A.N. Wilson, the arch-conservative English litterateur, doesn't like scientists. They are ``gods of certainty'' and people who respect them, he writes today, are responsible for killing most of Britain's cows and sheep and keeping the country's addicts on their drugs and many other bad, bad things, yea, even unto Adolf: ``The only difference between Hitler and previous governments was that he believed, with babyish credulity, in science as the only truth. He allowed scientists freedoms which a civilized government would have checked.''
And so on and on. It is, in the words of a great American satirist, to laugh. (Not least because Wilson's picture of Nazi attitudes to science is exactly backwards.) But his yowl of Tory cretinism is worth noting. It's an illustration of the dangers of scientific infantilism: The belief that science is, or is supposed to be, or claims to be, a collection of absolute truths.
That idea isn't just for people who are anti-science, like Wilson. It's also upheld by some of science's advocates as a strategy for dealing with the public. Richard Dawkins, for example, apparently doesn't think people smart enough to learn that a theory can be robust, dependable and sound. Like it or not, many hear ``theory'' and think ``idle guess.'' So, Dawkins said last month, scientists would be better off condescending to the public: ``Because the word ‘theory’ is so wantonly misunderstood by lay people, we are better off using a word that ordinary lay people actually understand -- the word `fact.' ''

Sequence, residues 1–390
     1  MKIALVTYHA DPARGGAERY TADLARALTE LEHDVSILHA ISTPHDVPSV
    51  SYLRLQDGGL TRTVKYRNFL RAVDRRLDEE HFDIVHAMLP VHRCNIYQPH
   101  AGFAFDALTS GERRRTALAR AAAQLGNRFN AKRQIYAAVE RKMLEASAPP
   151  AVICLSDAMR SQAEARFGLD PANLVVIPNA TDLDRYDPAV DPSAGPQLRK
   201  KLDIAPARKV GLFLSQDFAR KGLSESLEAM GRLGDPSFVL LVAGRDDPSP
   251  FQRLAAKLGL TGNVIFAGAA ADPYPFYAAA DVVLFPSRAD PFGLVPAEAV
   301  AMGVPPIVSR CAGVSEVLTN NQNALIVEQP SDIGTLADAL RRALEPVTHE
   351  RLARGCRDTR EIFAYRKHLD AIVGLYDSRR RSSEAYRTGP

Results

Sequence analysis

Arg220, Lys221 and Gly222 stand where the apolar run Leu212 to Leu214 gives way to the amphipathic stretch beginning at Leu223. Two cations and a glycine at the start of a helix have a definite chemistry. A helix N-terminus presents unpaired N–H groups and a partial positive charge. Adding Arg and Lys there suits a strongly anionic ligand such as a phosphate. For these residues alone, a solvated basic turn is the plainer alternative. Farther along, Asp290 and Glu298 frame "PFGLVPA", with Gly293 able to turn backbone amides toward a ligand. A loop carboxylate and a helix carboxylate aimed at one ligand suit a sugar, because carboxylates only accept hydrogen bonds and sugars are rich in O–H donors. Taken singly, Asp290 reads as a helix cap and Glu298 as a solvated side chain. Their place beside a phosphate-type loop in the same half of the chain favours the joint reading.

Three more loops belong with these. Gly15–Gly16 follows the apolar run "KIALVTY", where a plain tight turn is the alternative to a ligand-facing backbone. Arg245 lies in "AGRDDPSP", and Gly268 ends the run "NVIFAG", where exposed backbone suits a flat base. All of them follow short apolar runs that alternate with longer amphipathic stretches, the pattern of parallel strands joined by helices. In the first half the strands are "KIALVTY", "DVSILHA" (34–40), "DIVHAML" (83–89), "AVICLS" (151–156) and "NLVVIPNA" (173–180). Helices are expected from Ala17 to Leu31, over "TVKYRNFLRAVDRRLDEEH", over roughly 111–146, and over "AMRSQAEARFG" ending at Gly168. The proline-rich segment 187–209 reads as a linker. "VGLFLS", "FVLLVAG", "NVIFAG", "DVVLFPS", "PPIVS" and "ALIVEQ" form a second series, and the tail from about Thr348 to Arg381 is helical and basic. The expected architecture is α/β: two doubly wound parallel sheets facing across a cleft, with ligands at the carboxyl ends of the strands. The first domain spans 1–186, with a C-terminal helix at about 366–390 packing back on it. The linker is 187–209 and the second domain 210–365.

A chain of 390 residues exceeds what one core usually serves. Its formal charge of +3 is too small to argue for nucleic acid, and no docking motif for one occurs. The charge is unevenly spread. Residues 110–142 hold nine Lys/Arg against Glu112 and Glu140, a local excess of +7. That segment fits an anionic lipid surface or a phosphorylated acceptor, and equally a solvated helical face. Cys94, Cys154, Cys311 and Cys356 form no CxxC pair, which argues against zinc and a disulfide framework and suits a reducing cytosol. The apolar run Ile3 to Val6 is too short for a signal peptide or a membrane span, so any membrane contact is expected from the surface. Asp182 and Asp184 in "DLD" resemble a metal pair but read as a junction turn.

Wilson's screed illustrates why, with friends like that, science doesn't need enemies. It is because he thinks scientists claim to be ``gods of certainty'' that Wilson can write that they're arrogant jerks who won't stand for disagreement: ``How dare mere politicians question their judgments? They are scientists, aren't they? And what scientists say must be taken as true.''
Exactly backwards, again. Real scientists live for disagreement -- it's by their questioning each other, and themselves, that science advances. When they deny their respect to some ``point of view,'' the trouble isn't what the crank believes, but how he came to believe it. Scientists don't defend today's theory as eternal truth. They defend the methods that produced it: the gathering of evidence by rigorous means, and the evaluation of that evidence by logical, testable procedures.
Wilson hates those methods because they can lead people away from the traditional and familiar. (The trigger for his rant was a claim, by the chair of the government's scientific panel on drug abuse, that marijuana causes less harm in Britain than do alcohol and tobacco.) ``The trouble with a 'scientific' argument,'' Wilson writes, ``is that it is not made in the real world, but in a laboratory by an unimaginative academic relying solely on empirical facts.''
Substitute ``glory of'' for ``trouble with '' and you have a good credo for the scientific method. And that's what merits a defense. When, instead, people claim that science is about its True and Certain results, they play into the hands of people like A.N. Wilson, who want to represent rigor as credentialism, and hard-won insights as the false doctrines of a modern Inquisition. (Science-as-Inquisition is his image, by the way. Guess the Hitler allusion was too mild to make the point on its own.)
Because the word ``theory'' is so wantonly misunderstood by lay people, I submit, scientists should work hard to make it better understood. Scientific infantilism is not their friend.